Mark Orton’s Nebraska Soundtrack Illuminates Big-Sky Sounds

Tin Hat guitarist Mark Orton‘s richly rustic instrumental soundtrack to the recently released Alexander Payne road movie Nebraska works clever, sometimes wry, often haunting varations on two main themes. The first is a gorgeous Old West big-sky waltz straight out of the Bill Frisell book; the second is more Lynchian. Blending deadpan wit (which sometimes veers thisclose to cornball) with a persistent unease, Orton creates a suspenseful narrative that stands on its own as an integral work, apart from the visuals. Auspiciously, this recording marks the first time the Tin Hat Trio, with Carla Kihlstedt on violin and Rob Burger on accordion – who sprang to fame with Orton for their soundtrack to Everything Is Illuminated – have appeared together in the studio since 2005. Mickey Raphael, of Willie Nelson’s band, joins them on harmonica here.

If the film, which only recently hit the theatres, is anything like the soundtrack, it’s down-home and bittersweet, with plenty of unexpected twists and turns. Alcohol seems to be involved from time to time. Orton doesn’t waste time turning the main theme into spaghetti western, Kihlstedt gamely voicing a trumpet. They take a detour into a skeletally syncopated stroll and then hit the waltz again with a lush, soaring Frisellian grandeur. Shifting strings introduce an expectant ambience and then Orton leads the band deep into the country, adding banjo and dobro against the plaintive wash of the accordion and soaring strings.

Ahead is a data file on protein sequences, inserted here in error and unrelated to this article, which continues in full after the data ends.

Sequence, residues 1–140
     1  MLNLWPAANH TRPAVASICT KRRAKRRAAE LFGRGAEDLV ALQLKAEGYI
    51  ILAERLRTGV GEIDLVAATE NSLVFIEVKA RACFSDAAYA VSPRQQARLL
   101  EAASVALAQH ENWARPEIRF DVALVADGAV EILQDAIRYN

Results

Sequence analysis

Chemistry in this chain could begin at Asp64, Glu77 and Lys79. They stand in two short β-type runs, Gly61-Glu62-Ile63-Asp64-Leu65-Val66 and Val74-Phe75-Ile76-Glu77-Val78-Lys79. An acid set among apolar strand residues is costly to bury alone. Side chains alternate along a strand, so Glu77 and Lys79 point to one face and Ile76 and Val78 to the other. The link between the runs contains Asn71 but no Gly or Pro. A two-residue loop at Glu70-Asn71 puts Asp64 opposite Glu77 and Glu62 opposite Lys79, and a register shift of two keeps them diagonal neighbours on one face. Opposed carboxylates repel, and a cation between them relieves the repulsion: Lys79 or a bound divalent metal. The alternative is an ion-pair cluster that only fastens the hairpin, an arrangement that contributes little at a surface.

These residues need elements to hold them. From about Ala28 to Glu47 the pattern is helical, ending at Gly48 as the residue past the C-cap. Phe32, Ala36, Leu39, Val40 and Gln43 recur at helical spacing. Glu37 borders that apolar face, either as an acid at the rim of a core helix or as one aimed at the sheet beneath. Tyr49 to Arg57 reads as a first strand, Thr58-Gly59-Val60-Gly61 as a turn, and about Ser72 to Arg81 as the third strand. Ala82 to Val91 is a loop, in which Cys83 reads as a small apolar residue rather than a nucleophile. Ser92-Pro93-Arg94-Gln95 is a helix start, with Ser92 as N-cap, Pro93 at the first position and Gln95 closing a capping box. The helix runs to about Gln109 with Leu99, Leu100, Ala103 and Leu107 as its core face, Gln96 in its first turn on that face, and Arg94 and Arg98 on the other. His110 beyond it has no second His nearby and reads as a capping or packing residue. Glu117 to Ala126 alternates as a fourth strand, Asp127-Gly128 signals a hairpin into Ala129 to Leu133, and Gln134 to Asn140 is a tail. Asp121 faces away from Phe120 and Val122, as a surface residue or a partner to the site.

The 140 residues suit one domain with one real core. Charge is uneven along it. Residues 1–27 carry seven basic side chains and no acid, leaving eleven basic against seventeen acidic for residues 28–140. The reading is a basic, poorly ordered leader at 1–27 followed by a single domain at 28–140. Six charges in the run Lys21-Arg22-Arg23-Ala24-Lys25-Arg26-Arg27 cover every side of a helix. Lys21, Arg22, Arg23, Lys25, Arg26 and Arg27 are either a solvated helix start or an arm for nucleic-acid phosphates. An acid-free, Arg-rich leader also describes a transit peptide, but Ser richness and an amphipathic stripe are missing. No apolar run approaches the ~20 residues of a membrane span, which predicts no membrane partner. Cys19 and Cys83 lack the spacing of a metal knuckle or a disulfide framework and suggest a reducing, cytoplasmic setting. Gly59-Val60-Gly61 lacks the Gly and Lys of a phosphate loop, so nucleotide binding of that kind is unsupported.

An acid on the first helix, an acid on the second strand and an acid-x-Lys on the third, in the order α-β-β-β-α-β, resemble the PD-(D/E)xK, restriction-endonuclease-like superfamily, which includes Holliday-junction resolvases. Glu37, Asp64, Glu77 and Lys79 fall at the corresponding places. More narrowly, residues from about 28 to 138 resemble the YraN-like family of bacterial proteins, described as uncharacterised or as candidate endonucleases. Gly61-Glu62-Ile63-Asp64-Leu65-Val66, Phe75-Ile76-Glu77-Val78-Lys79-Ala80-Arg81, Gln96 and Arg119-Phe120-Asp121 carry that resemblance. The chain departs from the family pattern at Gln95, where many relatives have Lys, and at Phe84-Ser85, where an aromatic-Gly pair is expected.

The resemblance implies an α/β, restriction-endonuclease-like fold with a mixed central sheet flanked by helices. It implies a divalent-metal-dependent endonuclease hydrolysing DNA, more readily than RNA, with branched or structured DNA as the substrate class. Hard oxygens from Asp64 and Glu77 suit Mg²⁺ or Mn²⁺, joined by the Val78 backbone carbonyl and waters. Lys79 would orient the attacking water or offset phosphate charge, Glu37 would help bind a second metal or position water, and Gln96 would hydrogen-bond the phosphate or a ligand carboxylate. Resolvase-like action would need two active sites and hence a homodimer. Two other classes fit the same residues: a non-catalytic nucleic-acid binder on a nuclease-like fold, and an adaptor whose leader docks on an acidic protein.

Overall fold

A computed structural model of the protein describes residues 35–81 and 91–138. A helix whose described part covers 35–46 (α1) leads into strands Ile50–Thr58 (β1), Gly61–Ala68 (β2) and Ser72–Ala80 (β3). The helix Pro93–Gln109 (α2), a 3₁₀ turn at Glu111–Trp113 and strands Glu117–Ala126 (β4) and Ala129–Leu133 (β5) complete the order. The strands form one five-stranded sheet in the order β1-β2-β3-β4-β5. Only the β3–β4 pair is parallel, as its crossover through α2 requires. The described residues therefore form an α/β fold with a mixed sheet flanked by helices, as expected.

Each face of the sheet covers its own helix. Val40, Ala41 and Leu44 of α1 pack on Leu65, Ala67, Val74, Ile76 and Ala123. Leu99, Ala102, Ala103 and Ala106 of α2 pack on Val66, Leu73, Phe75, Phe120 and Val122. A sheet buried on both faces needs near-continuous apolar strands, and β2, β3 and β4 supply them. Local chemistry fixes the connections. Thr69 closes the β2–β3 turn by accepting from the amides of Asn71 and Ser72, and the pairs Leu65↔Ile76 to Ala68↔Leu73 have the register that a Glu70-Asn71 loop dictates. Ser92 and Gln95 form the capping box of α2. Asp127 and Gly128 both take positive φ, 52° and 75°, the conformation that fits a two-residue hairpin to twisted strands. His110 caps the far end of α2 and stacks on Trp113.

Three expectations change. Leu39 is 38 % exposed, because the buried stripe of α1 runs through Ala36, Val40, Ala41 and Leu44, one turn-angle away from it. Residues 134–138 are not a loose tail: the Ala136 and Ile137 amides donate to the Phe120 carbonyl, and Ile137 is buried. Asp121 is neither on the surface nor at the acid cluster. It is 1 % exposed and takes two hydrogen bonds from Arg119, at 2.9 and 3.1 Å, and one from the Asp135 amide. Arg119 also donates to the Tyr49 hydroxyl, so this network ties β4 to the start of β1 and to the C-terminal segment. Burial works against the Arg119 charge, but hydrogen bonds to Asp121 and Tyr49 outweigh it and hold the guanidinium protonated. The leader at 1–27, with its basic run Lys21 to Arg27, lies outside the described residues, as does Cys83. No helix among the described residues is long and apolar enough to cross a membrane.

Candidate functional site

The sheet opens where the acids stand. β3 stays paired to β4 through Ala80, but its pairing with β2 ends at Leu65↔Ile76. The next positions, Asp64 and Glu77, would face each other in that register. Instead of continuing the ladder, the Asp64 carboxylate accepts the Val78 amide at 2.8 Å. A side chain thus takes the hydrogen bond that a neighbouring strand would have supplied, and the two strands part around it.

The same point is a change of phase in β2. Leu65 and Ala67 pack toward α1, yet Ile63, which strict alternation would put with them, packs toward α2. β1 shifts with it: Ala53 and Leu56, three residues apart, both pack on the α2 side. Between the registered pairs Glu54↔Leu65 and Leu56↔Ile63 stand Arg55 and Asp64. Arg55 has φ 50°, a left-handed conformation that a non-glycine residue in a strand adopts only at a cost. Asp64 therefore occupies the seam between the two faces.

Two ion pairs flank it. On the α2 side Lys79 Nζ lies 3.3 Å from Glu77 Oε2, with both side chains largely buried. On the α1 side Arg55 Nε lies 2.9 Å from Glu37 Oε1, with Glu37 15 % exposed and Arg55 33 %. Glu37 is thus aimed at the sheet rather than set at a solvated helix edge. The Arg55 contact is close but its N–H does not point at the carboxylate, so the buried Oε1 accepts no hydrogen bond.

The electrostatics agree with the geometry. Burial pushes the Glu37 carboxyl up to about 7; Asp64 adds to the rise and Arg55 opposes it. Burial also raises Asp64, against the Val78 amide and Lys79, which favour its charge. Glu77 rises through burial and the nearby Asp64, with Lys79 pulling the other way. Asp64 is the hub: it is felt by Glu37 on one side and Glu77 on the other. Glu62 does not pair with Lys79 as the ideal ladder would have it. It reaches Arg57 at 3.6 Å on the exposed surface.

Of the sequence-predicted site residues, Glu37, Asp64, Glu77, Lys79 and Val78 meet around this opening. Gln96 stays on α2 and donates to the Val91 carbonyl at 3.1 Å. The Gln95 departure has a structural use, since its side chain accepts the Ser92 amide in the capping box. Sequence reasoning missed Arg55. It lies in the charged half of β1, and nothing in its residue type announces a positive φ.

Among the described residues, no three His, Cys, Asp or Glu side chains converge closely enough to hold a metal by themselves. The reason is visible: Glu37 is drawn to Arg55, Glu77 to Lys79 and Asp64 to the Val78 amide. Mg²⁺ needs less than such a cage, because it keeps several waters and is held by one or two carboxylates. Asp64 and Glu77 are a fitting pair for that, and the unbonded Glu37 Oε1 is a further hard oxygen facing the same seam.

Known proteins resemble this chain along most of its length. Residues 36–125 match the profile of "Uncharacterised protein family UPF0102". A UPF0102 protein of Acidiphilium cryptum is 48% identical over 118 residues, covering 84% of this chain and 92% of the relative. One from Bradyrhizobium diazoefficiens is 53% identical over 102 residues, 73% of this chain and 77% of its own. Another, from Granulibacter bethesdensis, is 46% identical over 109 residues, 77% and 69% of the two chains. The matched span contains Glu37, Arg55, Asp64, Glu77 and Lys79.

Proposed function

The Lynchian nocturne comes alive most ominously in an interlude with the piano and dobro; the group slowly weave and interweave their way back. Kihlstedt’s shivery whispers contrast with droll jawharp and sotto vocce dobro, leading to the score’s most wistful, epically sweeping interlude. Orton introduces a bit of Romany jazz on the pensively dancing Night of the Skeptic, which quickly diverges into ghostly, swirling noir terrain. Tragicomic accents from the guitars give way to disquiet and then a rich confluence of the two themes. The score recedes with a sepulchral, hauntedly spacious piano miniature before it comes full circle and concludes with a dobro-driven version of Green Green Grass of Home (which is not on the album but available as a single at itunes).